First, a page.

Hopefully I can get back to travel planning soon, in the meantime I’ll be searching through my photo history and dreaming of that fun in the sun!

Ice Castles – Lake Geneva, WI

Last weekend as an early birthday to my husband, my husband, son and I took a day trip to Lake Geneva, WI and visited Ice Castles. For those of you unfamiliar with Ice Castles, they have 6 locations across North America where they build impressive ice structures. We went right after a warm stretch so we were told it was a little shorter then planned but it was still quite impressive. I also understand its amazing to see it lite up at night but with a three year old during the day seemed better. They have ice slides and tunnels and places to climb.

My son spent a decent amount of time looking for Elsa which was pretty cute. He also definitely loved the slides. Just note the lines can be pretty long for the “big slide”. When we were there it was over an hour! Its definitely something I would recommend. Just make sure to dress warm and wear boots! Also buy your tickets in advance! They just added more dates so it goes through at least February 22nd now.

We didn’t just visit Ice Castles, we went first and looked at the lake (which is frozen) and had lunch. Also Lake Geneva had various snow sculptures as well that were left over from their “Winter Fest” so that was fun to see.

We did have to discuss the fact that sometimes there are places and events that don’t work for all three generations to attend. My mom is of an age that she gets cold easily enough that an afternoon walking through and playing in ice had no appeal. She loves Lake Geneva and if we go in the summer is happy to go and enjoy some #lakelife but in the winter there is definitely less that appeals to her. What are your favorite winter activities?

Arizona Favorites – outside of Phoenix area

In my last post I covered our favorite places in the Phoenix/Scottsdale area, this time I’m looking at our favorites outside the valley.

Sedona – known for its picturesque Red Rocks, Sedona did not disappoint. We chose to take a day trip from Phoenix. It was an easy drive with good roads. You start in the Sonoran Desert and its interesting to see how the terrain changes as you approach Sedona. As you enter Sedona itself and head into the town it does get congested and on top of that there was road work so parking can be a challenge. We decided to take a tour from Sedona Trolley to learn more about the area and the highlights. We took the “B” tour of the town and Boynton Canyon as we had seen the exit for the chapel on the way in. The tour was a great way to learn more of the history and we were given a chance to exit the trolley and take pictures at one of the Canyon Stops. I would recommend the trolley as a great way to see the area, especially if like us, you didn’t have a lot of time in Sedona. If you do nothing else in Sedona however, I highly recommend visiting the Chapel of the Holy Cross. It’s setting is amazing. The views are incredible, and it was just awe inspiring. It is a trek to get to, but they have amazing volunteers helping the visitors. If you do take the Trolley up there, they have a prime spot closer to the entrance, so you don’t have to walk as far. My picture gives a little context of location but doesn’t do it justice!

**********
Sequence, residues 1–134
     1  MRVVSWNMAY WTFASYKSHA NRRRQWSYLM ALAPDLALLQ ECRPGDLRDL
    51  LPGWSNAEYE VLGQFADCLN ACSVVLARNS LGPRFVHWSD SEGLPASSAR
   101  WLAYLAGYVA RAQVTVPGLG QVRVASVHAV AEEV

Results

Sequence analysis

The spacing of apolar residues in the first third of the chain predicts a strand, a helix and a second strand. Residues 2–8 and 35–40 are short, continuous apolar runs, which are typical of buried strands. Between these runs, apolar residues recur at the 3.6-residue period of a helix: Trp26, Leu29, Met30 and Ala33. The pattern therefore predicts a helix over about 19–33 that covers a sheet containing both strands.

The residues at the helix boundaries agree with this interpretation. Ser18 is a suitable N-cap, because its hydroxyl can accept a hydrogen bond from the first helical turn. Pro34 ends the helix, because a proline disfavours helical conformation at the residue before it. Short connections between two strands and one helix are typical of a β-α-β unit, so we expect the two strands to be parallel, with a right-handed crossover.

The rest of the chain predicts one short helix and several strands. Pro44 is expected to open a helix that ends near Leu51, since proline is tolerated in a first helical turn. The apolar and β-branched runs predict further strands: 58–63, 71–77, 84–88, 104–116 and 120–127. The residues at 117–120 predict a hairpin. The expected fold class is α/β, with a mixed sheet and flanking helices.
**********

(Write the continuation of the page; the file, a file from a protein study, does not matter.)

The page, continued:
Williams, Arizona – gateway to the Grand Canyon and the last town on Route 66 to be bypassed. It is a cute stop with fantastic pie at the Pine Country Restaurant (we had the Cherry and Pumpkin). Its also where you can ride a bit of history and catch the train to the Grand Canyon. They have cute shops, lots of Route 66 signs and a bit of kitsch.

The Grand Canyon – Some places probably don’t need a lot of explanation. The Grand Canyon is one of them. It was impressive and yet what I expected at the same time. To visit the Grand Canyon, we booked a day trip from our hotel through Detours of the American West.  Their customer service was terrific. They offer an option to purchase a boxed lunch through them to maximize your time at the Canyon. Keep in mind it is a 12-13 hour day with about 3-4 hours at the Canyon. What made our trip stand out to me was that we added on a helicopter tour through Maverick Helicopters. After our driver had picked up everyone on the way to the Canyon, he mentioned that it was an option and that there were 5 seats available, if you were interested to talk to him at the first stop. My sister and I took my seven year old niece, who loves geology, on her first helicopter ride and she loved it. Seeing her joy along with the experience of seeing the magnitude of the canyon from above is what really made it for me. After the helicopter we stopped at the Geology Museum at the South rim and then had a little over an hour to wander and join the rest of our group. Being as it was January and there was snow it was a bit icy so it was good that we had boots. Definitely check the conditions before you go!

While I know there is a lot more to Arizona, these were our highlights on our journey to visiting all 50 states!

A few of our favorite things… from our time in Phoenix, Arizona

We went to Arizona over the holidays with a total 8 people. 3 kids 7 and under (my son and my nieces). 5 adults (My sister and I and our husbands and our mom) so truly a 3 generation trip! Overall we have a fantastic time. Its always good to get together and to see new places and things.

Depending on how much time you have here a few things I would consider “must do” attractions in the Phoenix/Scottsdale Area

If you like history – the Arizona State Capitol Museum is a great place to start. You have a wonderful opportunity to learn the history of the state and how it became a state. They also have some amazing memorials including for the USS Arizona and the code talkers from WWII. They also have special exhibits that change throughout the year.